Correct -  NCDOT's full explanation on their original choices are documented here: https://www.gribblenation.org/2016/05/36-and-89-ncdot-submits-their.html

The state may no longer be as eager to change numbers (see NC 73 and as of now NC 42) though. 
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ARMOURERERIC

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Re: North Carolina
« Reply #3588 on: August 19, 2020, 10:36:42 AM »

There is updated Google imagry for the Shelby bypass and the NC16 dualization south of Conover.
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RoadPelican

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Re: North Carolina
« Reply #3589 on: August 20, 2020, 01:23:42 PM »

NC 16 widening is scheduled to be finished next summer, 2021.

This will create a great 4 lane alternate (and more direct route) over I-85 and US 321 for motorists traveling back and forth from Hickory to Charlotte.
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sprjus4

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Re: North Carolina
« Reply #3590 on: August 20, 2020, 02:09:22 PM »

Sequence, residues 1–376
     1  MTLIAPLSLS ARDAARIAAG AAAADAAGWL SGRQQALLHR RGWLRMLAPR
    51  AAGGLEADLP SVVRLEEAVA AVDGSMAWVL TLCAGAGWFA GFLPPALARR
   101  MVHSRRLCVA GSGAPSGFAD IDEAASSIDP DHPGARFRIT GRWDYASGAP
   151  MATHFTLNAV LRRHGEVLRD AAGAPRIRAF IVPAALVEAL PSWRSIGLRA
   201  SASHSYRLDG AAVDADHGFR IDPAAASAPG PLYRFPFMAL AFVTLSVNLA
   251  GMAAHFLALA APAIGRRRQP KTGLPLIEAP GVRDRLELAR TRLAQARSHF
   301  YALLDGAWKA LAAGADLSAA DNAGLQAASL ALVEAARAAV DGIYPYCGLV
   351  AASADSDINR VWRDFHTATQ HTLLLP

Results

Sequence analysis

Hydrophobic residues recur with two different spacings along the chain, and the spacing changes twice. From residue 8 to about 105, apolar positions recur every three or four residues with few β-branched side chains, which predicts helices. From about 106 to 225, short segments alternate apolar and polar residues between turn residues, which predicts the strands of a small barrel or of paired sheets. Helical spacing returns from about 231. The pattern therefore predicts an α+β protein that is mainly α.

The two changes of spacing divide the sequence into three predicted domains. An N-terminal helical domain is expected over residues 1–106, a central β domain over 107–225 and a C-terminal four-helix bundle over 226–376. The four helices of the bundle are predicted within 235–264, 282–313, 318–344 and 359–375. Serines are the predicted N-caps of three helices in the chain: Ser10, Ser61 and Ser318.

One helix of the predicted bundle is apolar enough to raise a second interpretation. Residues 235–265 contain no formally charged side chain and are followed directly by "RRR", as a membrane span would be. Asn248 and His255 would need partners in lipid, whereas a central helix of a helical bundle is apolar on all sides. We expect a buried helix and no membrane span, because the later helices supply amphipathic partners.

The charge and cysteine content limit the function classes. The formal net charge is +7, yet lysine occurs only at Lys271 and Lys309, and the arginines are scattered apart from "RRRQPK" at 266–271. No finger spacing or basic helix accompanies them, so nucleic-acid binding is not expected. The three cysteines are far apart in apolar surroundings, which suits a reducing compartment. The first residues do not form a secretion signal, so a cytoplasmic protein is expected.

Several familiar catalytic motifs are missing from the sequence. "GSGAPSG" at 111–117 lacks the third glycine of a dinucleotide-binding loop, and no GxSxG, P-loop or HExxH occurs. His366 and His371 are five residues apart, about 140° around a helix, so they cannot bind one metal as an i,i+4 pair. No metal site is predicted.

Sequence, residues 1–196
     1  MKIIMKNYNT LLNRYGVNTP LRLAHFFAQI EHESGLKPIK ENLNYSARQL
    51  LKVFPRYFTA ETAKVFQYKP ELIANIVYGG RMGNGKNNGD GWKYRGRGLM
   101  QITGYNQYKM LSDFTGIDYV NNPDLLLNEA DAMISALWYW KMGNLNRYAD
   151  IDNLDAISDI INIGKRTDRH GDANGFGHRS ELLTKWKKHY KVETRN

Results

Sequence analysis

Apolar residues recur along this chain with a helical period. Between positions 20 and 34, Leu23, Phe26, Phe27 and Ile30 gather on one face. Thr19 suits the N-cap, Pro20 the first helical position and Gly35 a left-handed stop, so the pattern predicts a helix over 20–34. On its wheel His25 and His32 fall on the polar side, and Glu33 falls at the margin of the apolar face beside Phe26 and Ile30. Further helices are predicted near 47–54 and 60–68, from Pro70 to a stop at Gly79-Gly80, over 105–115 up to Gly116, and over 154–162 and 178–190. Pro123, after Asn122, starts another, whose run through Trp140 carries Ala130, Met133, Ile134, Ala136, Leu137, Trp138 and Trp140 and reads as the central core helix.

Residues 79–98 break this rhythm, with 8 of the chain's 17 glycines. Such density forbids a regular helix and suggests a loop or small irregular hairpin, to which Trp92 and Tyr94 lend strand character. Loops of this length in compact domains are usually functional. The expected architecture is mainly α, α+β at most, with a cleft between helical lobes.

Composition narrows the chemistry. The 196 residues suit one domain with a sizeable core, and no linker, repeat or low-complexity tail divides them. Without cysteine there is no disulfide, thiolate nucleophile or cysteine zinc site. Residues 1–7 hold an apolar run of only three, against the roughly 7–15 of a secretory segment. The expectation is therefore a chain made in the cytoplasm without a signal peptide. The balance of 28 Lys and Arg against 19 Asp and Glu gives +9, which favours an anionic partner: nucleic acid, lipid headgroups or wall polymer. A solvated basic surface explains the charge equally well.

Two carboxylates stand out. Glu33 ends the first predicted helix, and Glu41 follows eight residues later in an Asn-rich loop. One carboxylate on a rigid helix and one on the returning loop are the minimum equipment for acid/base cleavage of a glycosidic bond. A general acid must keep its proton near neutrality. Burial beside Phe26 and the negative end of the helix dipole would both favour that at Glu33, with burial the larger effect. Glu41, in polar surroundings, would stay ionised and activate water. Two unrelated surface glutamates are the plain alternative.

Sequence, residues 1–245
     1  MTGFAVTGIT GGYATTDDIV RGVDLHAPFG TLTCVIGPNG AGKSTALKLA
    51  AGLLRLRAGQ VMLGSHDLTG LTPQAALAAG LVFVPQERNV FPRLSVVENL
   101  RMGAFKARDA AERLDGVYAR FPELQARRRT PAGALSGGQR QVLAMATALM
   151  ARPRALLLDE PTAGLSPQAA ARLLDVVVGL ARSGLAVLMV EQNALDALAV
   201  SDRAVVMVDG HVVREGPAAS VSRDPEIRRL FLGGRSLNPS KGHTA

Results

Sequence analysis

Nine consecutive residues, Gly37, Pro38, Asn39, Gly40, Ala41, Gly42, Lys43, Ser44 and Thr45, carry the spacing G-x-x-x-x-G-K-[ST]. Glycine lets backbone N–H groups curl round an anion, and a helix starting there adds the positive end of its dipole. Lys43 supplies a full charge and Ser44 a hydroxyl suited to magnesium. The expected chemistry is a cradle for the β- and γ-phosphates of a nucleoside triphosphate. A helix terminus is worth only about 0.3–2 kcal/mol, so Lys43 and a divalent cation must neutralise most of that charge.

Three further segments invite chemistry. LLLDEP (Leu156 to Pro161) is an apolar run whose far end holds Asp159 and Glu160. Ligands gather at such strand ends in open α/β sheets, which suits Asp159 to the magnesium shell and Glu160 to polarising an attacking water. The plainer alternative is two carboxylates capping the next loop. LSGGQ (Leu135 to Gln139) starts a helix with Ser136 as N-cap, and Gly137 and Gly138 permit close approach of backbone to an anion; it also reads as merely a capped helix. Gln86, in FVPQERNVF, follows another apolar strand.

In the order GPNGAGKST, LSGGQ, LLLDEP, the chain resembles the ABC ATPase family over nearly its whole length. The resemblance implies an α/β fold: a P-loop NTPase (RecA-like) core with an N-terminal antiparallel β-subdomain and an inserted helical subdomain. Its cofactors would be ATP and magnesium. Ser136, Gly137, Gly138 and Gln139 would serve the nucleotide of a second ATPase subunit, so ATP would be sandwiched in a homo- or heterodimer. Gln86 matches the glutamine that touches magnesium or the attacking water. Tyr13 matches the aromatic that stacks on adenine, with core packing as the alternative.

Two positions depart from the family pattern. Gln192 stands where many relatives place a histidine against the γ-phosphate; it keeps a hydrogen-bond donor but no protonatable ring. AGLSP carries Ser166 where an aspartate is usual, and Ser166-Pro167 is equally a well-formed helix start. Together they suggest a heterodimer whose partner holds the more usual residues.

NC 16 widening is scheduled to be finished next summer, 2021.

This will create a great 4 lane alternate (and more direct route) over I-85 and US 321 for motorists traveling back and forth from Hickory to Charlotte.
I see NC-16 as being just that - an alternate route.

The northern 15 miles from I-40 to Denver, including the under construction portion - is 4 lane divided - but is being built as a boulevard with curb and gutter and a 50 mph (perhaps 55 mph south of Newton) speed limit.

The southern 20 miles from Denver to I-485, on the other hand, was actually built IMO properly. A new alignment built mostly to freeway standards with a couple at-grade intersections. The speed limit is 65 mph in some areas, though drops to 60 mph due to some minor intersections towards the northern end.

I think it would be a more viable alternative had they built it to expressway standards with at least a 60 mph speed limit throughout, and even more so if 65 mph was permitted on divided highways - specifically in areas where it has to be 60 mph for miles on end just because there's a minor at-grade intersection mixed in with overpasses and interchanges.